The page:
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writing for godot

The loss of another Constitutional “right” – the right to life

Written by LAMAR HANKINS   
Tuesday, 16 February 2010 03:14
Freethought San Marcos

The loss of another Constitutional “right” – the right to life

In his last HBO special, the late comedian George Carlin opined that we don’t have rights, only temporary privileges. Events of this past decade suggest that Carlin was correct.

In 1976, an executive order was issued outlawing foreign assassinations. The order says, ''No person employed by or acting on behalf of the United States Government shall engage in, or conspire to engage in, assassination.''

In the 1980s, a secret Presidential order signed by Ronald Reagan authorized the overthrow of Col. Muammar el-Qaddafi of Libya. In response to that order, the United States bombed the Libyan leader's headquarters in 1986, killing his daughter. Some people in the intelligence community believe that the 1988 bombing of Pan Am 103 over Scotland, which killed 270 people, was Qaddafi's revenge for the bombing that killed his daughter.

In the 1990s, there were terrorist attacks on US embassies in Africa by the group that became known as al Queda. In 1996, a law passed by Congress and signed by President Clinton was used to justify cruise missile attacks on Afghanistan (where al Queda was based) and Sudan. The law says, ''The President should use all necessary means, including covert action and military force, to disrupt, dismantle and destroy international infrastructures used by international terrorists.'' It was assumed that the order authorized killing the people who organized and maintained the infrastructures.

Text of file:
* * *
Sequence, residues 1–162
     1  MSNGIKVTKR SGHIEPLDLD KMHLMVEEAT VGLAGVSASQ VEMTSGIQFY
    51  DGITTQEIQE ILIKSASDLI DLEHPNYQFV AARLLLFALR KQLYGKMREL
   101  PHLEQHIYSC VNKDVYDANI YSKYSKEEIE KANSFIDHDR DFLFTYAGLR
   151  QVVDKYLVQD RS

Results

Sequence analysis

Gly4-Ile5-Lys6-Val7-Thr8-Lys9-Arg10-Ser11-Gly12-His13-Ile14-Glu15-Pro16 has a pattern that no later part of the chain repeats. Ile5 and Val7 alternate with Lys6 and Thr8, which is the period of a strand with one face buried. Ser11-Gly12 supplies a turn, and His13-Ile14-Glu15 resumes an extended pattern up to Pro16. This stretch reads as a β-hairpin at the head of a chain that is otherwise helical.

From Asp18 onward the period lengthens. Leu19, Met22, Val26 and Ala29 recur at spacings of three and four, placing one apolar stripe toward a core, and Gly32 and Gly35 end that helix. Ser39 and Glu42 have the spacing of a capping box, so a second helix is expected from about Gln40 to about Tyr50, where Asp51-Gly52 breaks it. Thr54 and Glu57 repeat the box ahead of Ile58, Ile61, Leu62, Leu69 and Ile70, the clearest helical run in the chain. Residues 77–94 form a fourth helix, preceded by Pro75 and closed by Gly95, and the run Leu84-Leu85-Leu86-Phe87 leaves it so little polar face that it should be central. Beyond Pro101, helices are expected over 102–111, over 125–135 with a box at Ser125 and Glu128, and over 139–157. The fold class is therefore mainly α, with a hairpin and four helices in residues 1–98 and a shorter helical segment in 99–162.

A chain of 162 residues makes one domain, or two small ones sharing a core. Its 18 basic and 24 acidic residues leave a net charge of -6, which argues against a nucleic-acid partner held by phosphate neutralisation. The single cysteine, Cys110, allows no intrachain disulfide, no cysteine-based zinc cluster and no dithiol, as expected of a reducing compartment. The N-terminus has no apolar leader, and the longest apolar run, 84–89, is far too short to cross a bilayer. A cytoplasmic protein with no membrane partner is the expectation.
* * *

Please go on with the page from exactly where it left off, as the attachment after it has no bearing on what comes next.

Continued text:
After the 1996 law, President Clinton signed a secret order authorizing the use of lethal force against Osama bin Laden's organization because it was believed to be responsible for numerous attacks against US interests and installations.

When the terrorism of September 11, 2001, occurred, President George W. Bush took previous presidential orders about overseas operations to another level. Dana Priest reported recently in The Washington Post that “Bush gave the CIA, later the military, authority to kill U.S. citizens abroad if strong evidence existed that an American was involved in organizing or carrying out terrorist actions against the United States or U.S. interests....”

Priest reported that, according to her sources in the current administration, “The Obama administration has adopted the same stance.” Obama’s view appears to be that if the government believes that a U.S. citizen has joined al-Queda, that citizen is just another target for assassination. Priest was able to identify four U.S. citizens who are on the “High Value Targets” or “High Value Individuals” lists maintained by the CIA and the Joint Special Operations Command (JSOC). Constitutional blogger Glenn Greenwald wrote about Priest’s revelation, “Just think about this for a minute. Barack Obama, like George Bush before him, has claimed the authority to order American citizens murdered based solely on the unverified, uncharged, unchecked claim that they are associated with Terrorism and pose ‘a continuing and imminent threat to U.S. persons and interests.’ They’re entitled to no charges, no trial, no ability to contest the accusations.”